Public Values

Seniors' crisis looms as Flaherty nixes more CPP, pushes private pensions

Outrage mounts as government rejects calls and proposals from labour and provincial finance ministers.

Ken Georgetti, president of the Canadian Labour Congress, which has proposed a fix to Straight Goods News staff

The Harper government has rejected calls from provincial finance ministers and organized labour to expand the Canada Pension Plan. Instead, Finance Minister Jim Flaherty has proposed paying private companies to run a kind of mutual fund for workers with no guaranteed returns — the Pooled Registered Pension Plan (PRPP).

With millions of Baby Boomers facing an insecure retirement future, provincial premiers and unions had been pressing the government for action. The Canadian Labour Congress, for instance, had proposed a plan with staged premium increases that would have resulted in an eventual doubling of benefits and no new costs to taxpayers.

Flaherty's proposal is in line with attempts by Republicans over the last decade to privatize Social Security.

In Whitby, union activists took part in a spontaneous but short-lived occupation of Flaherty's constituency office as they were stunned by Flaherty's last-minute betrayal of Canadians' retirement security. In a December 17, 2010 press release, Ontario Federation of Labour President Sid Ryan said of the financial industry: "If it was capable of delivering secure pensions to Canadians, it would have done so 50 years ago."

In an interview with the Toronto Star, Ryan said that because "neither employers nor workers would be required to pay into the PRPP, it would not deliver income security for Canadians the way an expansion of the CPP would."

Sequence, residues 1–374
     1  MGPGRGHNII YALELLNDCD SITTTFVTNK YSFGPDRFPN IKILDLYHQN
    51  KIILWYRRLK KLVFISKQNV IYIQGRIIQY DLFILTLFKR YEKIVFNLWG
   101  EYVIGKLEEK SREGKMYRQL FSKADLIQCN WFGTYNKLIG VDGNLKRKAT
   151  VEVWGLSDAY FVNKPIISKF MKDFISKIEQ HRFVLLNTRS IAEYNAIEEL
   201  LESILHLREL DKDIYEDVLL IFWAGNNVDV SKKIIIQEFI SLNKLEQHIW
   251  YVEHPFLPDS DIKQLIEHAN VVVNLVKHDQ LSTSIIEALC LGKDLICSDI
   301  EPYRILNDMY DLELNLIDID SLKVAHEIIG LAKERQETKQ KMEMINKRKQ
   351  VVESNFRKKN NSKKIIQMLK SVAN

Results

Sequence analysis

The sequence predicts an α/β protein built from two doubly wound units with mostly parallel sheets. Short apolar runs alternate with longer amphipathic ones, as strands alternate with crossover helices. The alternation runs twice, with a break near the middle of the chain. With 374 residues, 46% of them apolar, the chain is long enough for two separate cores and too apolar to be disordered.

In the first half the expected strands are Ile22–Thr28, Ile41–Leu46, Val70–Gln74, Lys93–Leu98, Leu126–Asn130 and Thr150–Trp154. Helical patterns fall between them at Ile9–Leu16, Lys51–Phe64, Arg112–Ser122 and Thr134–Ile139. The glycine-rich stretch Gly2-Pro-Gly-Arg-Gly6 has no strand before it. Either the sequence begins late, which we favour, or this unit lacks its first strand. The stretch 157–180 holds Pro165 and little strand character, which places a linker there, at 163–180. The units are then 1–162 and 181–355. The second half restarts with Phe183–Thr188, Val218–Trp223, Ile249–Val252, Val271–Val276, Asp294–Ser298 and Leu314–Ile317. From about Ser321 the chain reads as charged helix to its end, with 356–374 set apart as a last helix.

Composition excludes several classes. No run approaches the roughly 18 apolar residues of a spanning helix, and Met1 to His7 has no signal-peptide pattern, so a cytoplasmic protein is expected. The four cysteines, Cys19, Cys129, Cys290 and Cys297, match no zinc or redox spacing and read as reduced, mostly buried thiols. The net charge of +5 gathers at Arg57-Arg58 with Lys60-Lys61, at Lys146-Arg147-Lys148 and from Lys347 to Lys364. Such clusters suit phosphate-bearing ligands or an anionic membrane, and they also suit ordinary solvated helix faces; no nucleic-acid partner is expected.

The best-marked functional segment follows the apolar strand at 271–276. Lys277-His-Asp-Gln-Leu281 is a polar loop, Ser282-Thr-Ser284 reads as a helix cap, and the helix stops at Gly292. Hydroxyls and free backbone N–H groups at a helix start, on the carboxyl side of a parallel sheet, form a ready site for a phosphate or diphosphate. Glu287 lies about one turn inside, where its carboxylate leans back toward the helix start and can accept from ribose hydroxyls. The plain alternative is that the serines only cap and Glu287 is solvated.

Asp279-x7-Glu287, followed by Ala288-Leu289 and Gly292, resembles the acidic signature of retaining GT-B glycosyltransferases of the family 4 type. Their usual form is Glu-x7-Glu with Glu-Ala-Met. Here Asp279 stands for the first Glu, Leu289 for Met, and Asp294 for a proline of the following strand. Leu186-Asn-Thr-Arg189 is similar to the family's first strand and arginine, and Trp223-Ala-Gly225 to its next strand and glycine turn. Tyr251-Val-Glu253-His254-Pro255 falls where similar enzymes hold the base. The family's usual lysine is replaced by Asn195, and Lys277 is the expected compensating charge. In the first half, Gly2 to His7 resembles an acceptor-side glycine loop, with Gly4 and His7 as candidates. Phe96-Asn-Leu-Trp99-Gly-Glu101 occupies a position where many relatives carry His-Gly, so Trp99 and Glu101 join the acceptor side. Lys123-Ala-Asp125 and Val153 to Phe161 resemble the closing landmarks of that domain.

In a second press release later that day, Ryan said that "any plan that enables banks and insurance companies to cash in on the backs of working people is a huge betrayal." The press releases promises further action from the Ontario Federation of Labour.

Meanwhile, in a December 16th press release, Canadian Labour Congress President Ken Georgetti was astonished and disappointed with Flaherty's remarks since "there is overwhelming evidence that the private sector, voluntary system of saving for retirement has failed us for over 40 years and won't work now."

In a December 17th press release, Georgetti called on provincial finance ministers to continue their support of improving the CPP at their meeting with Mr. Flaherty in Kananaskis, AB: "They should give a Christmas gift to Canadians and give Mr. Flaherty a lump of coal."

Following that meeting, which took place December 18th to 20th, Georgetti said in a December 20th press release: "We have a looming pension crisis and we can't wait for years to fix this problem. An improved CPP is easily the best way to guarantee retirement security for Canadians." According to the Canadian Labour Congress, at least six of the provincial finance ministers at the meeting preferred to pursue an enhanced CPP.

While Flaherty may receive lumps of coal for Christmas for his change of heart regarding the CPP, his decision was certainly "a Christmas present to Corporate Canada," says Communications, Energy and Paperworkers Union of Canada (CEPUC) President Dave Coles in a December 17th press release.

Coles argues that Canadians "need economic security and the CPP has proven time and time again that it is the most efficient way to provide it to all Canadians."

Links and sources
  Consensus growing to enhance the Canada Pension Plan
  Occupation underway — Flaherty betrays Canada
  Backlash grows against Flaherty's pension proposal
  Betrayal on retirement security prompts first action
  Georgetti criticizes Flaherty announcement on pension reform: Says CPP remains far better option than private plans
  Georgetti calls on finance ministers to oppose Flaherty on pensions: Says Flaherty playing Santa to banks, Grinch to Canadians
  Georgetti urges quick action on enhancing CPP: Says Canadians losing opportunities to save for retirement
  Flaherty's private pension scheme "a Christmas present to Corporate Canada"

Posted: December 20, 2010

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  Front lines

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